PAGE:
Known as the Velvet Gentlemen, this blind secretive creature lives underground in a warren of impressive tunnels. Preferring soft, sandy soil, they eat worms and soil dwelling insects and rarely come across humans. Not only do they not seek the company of humans, they rarely seek any company at all; loners in their tunnels, they live alone.
They present us with very little in the way of problems but, their burrowing and tunnelling can be a nuisance. In one day, an industrious mole can tunnel up to 20 metres a day! Within these tunnelled walls, they also create grass lined chambers, perfect for resting in and raising their young. Moles also tend to be most active between October and April.
Making a mountain out of a mole hill
The mole hill which is common sight peppered across fields and meadows, is the waste heap of the moles tunnelling exploits. Whilst they may look unsightly, they are not a nuisance as such and, for many farmers and estate managers, they are a natural part of the great outdoors.
But, when the moles sense of direction is lost, or a concentration of moles builds up in one place, the results can be more than just a nuisance…
- The built environment can cause the mole to lose its way slightly and become ‘trapped’ in places where mole hills are not welcome – cricket pitches, bowling greens, football facilities, urban parks, livery fields, competition and most kind of sporting or recreation places do not like the presence of mole hills.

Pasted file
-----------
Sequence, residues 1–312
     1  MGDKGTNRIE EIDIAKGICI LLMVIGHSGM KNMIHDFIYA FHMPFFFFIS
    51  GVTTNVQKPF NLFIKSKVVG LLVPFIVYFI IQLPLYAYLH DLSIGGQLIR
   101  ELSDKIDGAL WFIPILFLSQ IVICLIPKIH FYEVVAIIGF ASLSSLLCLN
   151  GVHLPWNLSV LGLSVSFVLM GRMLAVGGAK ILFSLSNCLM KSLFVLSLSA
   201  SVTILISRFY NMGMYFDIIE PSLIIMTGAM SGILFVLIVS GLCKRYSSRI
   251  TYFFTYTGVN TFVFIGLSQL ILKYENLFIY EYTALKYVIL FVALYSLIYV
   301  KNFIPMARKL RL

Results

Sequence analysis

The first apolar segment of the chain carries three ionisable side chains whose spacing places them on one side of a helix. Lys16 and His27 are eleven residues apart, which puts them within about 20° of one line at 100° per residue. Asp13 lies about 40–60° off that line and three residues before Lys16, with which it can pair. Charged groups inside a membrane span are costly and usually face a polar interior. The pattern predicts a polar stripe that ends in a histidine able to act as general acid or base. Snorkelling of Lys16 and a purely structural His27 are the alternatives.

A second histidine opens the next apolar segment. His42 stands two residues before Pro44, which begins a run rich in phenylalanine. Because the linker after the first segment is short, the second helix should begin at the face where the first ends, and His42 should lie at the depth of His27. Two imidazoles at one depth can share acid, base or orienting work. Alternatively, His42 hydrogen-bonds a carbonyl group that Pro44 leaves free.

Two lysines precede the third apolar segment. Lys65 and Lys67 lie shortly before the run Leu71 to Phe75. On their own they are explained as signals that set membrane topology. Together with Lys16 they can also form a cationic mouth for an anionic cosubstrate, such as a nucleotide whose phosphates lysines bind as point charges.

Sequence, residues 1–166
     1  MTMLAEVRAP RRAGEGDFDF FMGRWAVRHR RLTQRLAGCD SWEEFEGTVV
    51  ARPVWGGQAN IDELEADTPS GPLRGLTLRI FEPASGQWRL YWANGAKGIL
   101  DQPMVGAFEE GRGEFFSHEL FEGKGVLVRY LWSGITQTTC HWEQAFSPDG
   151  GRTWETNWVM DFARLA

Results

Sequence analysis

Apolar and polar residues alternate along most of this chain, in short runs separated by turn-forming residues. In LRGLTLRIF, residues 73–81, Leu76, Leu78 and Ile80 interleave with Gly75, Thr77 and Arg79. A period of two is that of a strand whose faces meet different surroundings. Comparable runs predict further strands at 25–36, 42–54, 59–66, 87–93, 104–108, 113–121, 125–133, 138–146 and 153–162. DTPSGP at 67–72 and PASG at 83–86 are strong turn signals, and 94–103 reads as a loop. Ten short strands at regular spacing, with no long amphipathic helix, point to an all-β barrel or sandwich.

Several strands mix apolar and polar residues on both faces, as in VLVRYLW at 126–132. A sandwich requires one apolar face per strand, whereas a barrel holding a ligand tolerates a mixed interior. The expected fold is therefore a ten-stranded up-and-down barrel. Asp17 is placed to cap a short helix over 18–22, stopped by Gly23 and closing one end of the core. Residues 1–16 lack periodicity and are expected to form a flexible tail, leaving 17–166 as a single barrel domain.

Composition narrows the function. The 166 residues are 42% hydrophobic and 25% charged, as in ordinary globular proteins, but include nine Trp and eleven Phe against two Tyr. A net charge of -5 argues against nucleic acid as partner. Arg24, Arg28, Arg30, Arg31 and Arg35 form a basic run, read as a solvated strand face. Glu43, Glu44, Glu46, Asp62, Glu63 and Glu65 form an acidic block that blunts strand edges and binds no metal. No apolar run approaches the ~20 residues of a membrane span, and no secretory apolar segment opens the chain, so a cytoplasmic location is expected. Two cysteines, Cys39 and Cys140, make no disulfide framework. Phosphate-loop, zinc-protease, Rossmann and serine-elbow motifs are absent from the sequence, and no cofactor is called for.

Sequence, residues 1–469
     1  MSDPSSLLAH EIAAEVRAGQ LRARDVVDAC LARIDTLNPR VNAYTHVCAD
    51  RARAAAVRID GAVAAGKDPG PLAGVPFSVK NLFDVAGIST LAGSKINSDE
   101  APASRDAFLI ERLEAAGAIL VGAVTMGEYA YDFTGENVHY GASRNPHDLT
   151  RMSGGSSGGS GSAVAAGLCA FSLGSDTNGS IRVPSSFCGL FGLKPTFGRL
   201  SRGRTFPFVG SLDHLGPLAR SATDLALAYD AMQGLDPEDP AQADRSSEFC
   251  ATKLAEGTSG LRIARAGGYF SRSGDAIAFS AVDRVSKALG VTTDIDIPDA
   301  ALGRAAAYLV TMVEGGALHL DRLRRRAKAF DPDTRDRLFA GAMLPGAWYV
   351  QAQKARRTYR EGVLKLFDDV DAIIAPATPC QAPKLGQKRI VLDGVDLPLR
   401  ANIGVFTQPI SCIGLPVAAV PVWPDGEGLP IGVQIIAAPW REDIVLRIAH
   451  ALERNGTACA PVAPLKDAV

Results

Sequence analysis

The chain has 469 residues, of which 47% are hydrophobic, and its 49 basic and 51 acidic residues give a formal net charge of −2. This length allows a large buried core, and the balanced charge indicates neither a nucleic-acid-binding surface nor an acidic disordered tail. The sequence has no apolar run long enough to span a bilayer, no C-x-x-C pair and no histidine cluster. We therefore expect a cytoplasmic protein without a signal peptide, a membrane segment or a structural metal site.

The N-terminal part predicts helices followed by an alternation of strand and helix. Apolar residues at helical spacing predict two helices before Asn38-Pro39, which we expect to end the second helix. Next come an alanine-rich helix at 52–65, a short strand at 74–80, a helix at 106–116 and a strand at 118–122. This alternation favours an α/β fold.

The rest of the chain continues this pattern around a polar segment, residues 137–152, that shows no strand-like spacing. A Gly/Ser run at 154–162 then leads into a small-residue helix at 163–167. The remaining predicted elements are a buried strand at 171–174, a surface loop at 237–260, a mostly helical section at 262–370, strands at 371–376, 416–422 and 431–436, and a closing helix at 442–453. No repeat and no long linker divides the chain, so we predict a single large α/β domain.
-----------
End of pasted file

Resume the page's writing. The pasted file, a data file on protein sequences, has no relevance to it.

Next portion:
- Estate managers with vast swathes of land prefer not to have lawns riddled with mole hills, and gardeners share their annoyance
- If many moles are concentrated in one spot, the amount of tunnelling and excavation under the surface can make the ground very unstable and liable to collapse – not good if you are riding a horse over it, or other livestock uses the area etc.
Getting ‘rid’ of moles
There needs to be a ‘case’ for the removal and control of moles; only a professional pest controller, such as Devon Pest Control, can determine if this need is apparent.
There are a variety of methods and solutions, the majority of which need expert and trained handling; in the vast majority of cases, only a qualified pest controller can used these methods. Some techniques are an additional qualification that pest controllers need in order to carry out the work safely, without harm to themselves and other animals.
Moles are not animals that should be handled by people with no experience of pest control. Moles are not protected as such, but their control and management is overseen by two laws, the Wild Mammals Protection Act 1996 and the Animal Welfare Act 2006. Under these laws, moles can only be dealt with by pest controllers who are licenced to use various equipment, methods and chemicals.